Book Image

The Web Application Hacker's Handbook

By : Dafydd Stuttard, Marcus Pinto
Book Image

The Web Application Hacker's Handbook

By: Dafydd Stuttard, Marcus Pinto

Overview of this book

Web applications are the front door to most organizations, exposing them to attacks that may disclose personal information, execute fraudulent transactions, or compromise ordinary users. This practical book has been completely updated and revised to discuss the latest step-by-step techniques for attacking and defending the range of ever-evolving web applications. Youíll explore the various new technologies employed in web applications that have appeared since the first edition and review the new attack techniques that have been developed, particularly in relation to the client side. The book starts with the current state of web application security and the trends that indicate how it is likely to evolve soon. Youíll examine the core security problem affecting web applications and the defence mechanisms that applications implement to address this problem, and youíll also explore the key technologies used in todayís web application. Next, youíll carry out tasks for breaking into web applications and for executing a comprehensive attack. As you progress, youíll learn to find vulnerabilities in an application's source code and review the tools that can help when you hack web applications. Youíll also study a detailed methodology for performing a comprehensive and deep attack against a specific target. By the end of this book, youíll be able to discover security flaws in web applications and how to deal with them.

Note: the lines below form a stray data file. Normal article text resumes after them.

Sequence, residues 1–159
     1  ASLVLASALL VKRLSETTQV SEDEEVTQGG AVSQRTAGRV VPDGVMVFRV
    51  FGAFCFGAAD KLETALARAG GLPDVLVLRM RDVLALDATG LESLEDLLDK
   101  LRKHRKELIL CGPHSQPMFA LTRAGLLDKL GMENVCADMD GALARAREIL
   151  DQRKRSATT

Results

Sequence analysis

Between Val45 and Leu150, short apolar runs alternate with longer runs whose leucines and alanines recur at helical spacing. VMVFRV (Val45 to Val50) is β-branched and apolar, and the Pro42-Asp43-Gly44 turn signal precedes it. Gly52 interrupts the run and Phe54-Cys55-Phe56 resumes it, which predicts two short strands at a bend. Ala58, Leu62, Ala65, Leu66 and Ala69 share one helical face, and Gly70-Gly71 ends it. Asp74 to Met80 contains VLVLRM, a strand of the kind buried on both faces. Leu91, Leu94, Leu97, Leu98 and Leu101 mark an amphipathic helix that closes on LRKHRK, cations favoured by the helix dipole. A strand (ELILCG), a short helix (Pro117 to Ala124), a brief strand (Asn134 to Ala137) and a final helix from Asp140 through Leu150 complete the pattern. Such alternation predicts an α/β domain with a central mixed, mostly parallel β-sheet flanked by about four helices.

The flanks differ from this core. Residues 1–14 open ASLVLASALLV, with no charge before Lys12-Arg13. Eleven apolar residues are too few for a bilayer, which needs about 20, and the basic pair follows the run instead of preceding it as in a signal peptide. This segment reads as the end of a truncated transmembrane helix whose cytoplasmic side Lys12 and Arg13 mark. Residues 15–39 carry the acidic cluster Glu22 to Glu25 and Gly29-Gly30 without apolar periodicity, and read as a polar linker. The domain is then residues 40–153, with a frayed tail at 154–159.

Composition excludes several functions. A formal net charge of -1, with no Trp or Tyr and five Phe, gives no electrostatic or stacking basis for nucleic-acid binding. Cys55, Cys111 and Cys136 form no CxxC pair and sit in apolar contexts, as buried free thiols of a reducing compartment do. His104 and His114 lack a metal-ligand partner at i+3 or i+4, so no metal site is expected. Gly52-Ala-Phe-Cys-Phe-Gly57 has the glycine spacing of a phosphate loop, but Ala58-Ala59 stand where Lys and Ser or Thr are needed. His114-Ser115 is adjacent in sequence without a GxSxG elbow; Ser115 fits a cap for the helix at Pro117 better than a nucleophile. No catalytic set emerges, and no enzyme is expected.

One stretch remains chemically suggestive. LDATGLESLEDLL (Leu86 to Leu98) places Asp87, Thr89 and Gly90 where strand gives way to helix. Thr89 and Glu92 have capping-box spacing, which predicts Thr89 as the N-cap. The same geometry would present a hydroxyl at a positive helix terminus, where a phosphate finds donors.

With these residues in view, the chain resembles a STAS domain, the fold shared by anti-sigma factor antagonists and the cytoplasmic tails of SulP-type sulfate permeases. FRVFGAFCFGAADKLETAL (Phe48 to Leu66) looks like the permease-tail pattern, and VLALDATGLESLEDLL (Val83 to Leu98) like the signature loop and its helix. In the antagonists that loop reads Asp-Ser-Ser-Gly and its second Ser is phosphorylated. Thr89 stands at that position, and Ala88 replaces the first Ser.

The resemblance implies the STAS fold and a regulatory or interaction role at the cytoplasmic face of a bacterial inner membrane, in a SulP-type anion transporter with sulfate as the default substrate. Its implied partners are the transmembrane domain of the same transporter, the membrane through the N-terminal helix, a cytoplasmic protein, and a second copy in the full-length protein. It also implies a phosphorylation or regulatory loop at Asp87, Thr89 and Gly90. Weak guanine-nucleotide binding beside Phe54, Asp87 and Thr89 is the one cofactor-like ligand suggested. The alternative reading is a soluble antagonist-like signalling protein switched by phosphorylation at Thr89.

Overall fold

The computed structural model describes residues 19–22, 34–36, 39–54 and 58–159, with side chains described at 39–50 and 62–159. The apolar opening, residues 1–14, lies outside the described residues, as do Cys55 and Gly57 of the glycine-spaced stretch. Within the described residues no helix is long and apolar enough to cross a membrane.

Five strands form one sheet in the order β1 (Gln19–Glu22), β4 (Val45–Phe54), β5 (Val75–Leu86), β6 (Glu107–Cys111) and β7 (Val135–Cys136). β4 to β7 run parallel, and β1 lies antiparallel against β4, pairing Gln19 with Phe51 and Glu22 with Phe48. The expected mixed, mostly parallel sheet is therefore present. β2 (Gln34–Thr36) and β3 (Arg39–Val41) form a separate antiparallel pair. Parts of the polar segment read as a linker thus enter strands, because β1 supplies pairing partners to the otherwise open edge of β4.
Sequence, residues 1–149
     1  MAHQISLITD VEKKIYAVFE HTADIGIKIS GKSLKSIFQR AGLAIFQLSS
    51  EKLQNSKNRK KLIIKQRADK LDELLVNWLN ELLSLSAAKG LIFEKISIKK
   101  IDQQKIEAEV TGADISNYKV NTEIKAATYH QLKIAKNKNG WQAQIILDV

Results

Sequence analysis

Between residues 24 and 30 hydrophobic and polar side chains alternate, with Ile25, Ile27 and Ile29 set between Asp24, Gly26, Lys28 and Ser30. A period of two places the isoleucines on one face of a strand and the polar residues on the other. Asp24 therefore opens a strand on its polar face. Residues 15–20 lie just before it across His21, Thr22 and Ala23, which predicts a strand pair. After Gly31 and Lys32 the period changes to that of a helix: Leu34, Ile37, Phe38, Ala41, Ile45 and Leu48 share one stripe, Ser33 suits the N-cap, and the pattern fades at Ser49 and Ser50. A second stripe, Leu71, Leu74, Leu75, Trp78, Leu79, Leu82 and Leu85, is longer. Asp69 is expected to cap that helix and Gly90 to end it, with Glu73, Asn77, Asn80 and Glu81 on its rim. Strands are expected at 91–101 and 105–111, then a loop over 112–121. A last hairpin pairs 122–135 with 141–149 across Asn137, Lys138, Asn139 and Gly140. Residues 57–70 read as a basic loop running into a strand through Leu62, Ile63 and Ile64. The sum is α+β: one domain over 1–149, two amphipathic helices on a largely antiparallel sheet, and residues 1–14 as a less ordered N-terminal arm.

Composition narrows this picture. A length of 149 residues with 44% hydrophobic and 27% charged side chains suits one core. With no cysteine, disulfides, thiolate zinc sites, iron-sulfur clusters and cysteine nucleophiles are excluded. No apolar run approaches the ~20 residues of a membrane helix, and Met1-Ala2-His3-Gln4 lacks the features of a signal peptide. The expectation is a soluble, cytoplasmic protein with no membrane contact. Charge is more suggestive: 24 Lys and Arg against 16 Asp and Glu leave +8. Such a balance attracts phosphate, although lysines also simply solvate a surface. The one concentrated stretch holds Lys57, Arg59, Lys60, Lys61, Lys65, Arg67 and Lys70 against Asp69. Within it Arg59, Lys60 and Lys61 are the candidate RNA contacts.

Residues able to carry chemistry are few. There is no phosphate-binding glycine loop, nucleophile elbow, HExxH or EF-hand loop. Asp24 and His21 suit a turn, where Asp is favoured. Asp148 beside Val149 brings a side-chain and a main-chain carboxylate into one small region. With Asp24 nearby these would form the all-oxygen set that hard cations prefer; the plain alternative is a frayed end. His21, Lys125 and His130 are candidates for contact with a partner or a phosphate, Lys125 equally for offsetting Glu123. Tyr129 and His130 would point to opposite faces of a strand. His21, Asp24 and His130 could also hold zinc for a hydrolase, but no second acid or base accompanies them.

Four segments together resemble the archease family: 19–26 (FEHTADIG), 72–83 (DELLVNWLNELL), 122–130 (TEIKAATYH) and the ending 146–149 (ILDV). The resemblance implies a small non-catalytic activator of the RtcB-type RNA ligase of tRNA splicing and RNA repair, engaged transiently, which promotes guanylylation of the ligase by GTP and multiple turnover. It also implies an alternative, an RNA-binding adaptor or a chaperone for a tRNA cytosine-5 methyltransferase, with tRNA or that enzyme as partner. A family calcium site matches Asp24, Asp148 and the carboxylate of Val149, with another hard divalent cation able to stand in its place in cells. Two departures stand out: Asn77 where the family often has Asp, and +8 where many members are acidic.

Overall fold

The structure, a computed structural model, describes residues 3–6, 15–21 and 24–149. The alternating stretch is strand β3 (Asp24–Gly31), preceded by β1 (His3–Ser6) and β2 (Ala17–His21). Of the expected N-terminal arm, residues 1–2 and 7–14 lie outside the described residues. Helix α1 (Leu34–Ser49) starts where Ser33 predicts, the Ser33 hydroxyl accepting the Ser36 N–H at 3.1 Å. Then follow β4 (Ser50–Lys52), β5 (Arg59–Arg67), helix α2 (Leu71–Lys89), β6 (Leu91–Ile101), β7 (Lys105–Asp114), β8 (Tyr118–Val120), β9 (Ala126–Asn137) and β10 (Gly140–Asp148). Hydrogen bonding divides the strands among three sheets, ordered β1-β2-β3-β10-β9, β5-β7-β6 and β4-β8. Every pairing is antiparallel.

Table of Contents (32 chapters)
Free Chapter
About the Authors
About the Technical Editor
MDSec: The Authors’ Company
End User License Agreement

Signatures of Common Vulnerabilities

Many types of web application vulnerabilities have a fairly consistent signature within the codebase. This means that you can normally identify a good portion of an application's vulnerabilities by quickly scanning and searching the codebase. The examples presented here appear in various languages, but in most cases the signature is language-neutral. What matters is the programming technique being employed, more than the actual APIs and syntax.

Cross-Site Scripting

In the most obvious examples of XSS, parts of the HTML returned to the user are explicitly constructed from user-controllable data. Here, the target of an HREF link is constructed using strings taken directly from the query string in the request:

String link = "<a href=" + HttpUtility.UrlDecode(Request.QueryString
["refURL"]) + "&SiteID=" + SiteId + "&Path=" + HttpUtility.UrlEncode
(Request.QueryString["Path"]) + "...